Jenni Ramone has written a glowing review of Postcolonial Poetics in the Times Higher Education supplement.
A couple of highlights:
Elleke Boehmer’s Postcolonial Poetics invites us to be fearless readers. She wants us to enjoy the process of allowing the text to “mould, shape, and reshape our understanding”. This, driven by readings of prominent novelists (Chinua Achebe, Chimamanda Ngozi Adichie, J. M. Coetzee, Ben Okri, Salman Rushdie) alongside essayists, poets and short story writers (Warsan Shire, Mongane Serote, M. NourbeSe Philip), makes for a liberating reading experience. Positioned as alert readers, we are reminded that, in order to learn from postcolonial texts, we don’t have to do intrusive things to them. Instead, Postcolonial Poetics offers strategies to reconnect with the surface aesthetics – textual patterns and flows, discontinuities and wit – that are particular features of postcolonial writing.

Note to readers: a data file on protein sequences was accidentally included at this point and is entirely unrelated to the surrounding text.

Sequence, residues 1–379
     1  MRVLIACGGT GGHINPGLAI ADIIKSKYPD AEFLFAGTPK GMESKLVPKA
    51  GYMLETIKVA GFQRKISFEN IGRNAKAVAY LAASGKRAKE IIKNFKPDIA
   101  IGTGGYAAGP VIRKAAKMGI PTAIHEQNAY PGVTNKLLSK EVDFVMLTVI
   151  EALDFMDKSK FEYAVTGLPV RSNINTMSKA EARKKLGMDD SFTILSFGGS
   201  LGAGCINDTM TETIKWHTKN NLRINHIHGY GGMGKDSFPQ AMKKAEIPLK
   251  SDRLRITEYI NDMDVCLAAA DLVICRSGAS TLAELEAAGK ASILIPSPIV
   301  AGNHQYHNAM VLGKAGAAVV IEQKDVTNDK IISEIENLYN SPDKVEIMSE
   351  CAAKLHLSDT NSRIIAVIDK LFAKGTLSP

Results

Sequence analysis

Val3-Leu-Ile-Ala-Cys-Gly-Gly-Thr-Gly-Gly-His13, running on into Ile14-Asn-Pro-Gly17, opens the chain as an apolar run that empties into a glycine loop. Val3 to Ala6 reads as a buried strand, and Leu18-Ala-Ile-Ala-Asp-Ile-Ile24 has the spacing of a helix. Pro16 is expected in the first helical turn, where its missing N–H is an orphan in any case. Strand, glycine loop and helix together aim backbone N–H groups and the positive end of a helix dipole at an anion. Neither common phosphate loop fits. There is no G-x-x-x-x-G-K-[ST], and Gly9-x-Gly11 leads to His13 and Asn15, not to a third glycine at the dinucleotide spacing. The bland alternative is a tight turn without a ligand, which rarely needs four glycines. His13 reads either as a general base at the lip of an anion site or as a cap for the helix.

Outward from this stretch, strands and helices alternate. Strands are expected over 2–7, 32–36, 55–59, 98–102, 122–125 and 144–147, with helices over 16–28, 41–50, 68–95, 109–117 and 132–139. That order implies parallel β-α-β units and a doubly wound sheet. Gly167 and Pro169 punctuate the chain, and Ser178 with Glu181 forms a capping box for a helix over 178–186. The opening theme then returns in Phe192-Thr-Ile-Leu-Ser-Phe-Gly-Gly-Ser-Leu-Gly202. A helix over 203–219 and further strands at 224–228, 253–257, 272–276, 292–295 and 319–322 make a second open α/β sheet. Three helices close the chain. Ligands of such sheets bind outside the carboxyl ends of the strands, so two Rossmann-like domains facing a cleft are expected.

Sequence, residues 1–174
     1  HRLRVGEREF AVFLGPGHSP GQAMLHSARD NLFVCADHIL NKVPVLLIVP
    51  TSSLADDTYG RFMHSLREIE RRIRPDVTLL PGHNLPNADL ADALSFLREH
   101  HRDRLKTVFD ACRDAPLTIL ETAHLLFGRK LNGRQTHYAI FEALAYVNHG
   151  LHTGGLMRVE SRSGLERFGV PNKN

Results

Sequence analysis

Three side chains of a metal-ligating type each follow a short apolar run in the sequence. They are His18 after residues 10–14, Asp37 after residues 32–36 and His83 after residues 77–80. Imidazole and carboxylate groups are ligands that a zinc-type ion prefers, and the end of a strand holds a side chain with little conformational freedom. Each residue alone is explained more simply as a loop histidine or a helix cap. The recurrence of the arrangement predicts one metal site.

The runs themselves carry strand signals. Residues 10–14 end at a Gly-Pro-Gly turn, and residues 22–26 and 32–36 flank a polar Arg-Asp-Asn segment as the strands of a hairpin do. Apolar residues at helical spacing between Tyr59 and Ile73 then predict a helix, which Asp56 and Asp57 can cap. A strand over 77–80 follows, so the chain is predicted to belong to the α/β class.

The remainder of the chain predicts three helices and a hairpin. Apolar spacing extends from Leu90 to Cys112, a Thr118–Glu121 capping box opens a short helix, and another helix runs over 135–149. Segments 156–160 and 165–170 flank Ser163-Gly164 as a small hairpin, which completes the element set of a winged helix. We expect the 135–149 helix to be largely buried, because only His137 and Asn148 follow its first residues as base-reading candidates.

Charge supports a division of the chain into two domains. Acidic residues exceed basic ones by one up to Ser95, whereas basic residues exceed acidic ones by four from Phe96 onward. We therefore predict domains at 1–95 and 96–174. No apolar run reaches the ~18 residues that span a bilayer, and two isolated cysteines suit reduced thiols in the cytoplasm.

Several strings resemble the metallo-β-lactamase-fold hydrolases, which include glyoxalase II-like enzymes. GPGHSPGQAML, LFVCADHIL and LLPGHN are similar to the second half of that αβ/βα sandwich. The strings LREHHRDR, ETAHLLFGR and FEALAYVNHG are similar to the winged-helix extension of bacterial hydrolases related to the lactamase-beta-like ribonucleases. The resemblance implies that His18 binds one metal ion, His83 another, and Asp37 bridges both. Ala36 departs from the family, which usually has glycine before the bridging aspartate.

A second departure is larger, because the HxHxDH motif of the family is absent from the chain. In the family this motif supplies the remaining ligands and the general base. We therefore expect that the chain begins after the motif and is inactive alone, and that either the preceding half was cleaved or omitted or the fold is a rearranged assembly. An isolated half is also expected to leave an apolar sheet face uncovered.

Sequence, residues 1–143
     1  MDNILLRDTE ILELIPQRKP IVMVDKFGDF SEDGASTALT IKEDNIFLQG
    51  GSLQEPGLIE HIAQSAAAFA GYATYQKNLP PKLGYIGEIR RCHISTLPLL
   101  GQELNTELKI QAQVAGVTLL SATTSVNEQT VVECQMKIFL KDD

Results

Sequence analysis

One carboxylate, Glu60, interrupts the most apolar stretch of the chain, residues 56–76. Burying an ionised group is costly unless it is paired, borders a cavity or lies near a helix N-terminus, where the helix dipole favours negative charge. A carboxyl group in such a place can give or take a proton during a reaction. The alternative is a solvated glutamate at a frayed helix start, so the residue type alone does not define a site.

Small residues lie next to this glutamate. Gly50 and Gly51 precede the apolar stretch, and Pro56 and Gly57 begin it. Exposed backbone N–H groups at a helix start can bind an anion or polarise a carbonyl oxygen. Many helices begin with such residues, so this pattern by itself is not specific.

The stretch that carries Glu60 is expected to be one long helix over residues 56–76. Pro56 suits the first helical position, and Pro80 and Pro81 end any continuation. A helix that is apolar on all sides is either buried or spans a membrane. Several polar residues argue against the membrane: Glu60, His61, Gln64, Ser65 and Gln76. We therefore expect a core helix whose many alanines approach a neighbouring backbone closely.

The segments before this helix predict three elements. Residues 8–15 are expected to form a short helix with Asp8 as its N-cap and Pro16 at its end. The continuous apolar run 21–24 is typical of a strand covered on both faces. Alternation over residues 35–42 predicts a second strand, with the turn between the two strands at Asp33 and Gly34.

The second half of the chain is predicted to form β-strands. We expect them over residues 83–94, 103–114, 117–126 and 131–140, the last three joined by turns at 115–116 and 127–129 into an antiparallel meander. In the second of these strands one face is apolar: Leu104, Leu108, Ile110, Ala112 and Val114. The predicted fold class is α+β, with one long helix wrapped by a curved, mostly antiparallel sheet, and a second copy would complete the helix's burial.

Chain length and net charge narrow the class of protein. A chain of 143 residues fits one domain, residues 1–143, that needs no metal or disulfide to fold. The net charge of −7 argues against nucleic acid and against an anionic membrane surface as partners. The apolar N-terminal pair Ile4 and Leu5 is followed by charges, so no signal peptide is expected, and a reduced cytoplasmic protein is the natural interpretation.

Boehmer’s book is … a vindication of postcolonial studies and of the potential of postcolonial literature to change the world. She agrees with Okri’s suggestion that the writer’s task is to remake the world, and sees the potential of the reader to activate the work’s resistant power.